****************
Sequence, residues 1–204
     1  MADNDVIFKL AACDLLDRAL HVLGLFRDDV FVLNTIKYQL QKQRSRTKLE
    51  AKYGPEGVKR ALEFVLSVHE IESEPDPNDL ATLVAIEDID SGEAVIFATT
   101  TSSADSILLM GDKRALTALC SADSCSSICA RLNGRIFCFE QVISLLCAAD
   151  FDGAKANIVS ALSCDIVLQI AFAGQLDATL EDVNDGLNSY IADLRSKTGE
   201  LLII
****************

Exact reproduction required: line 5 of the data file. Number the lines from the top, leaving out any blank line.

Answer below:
   151  FDGAKANIVS ALSCDIVLQI AFAGQLDATL EDVNDGLNSY IADLRSKTGE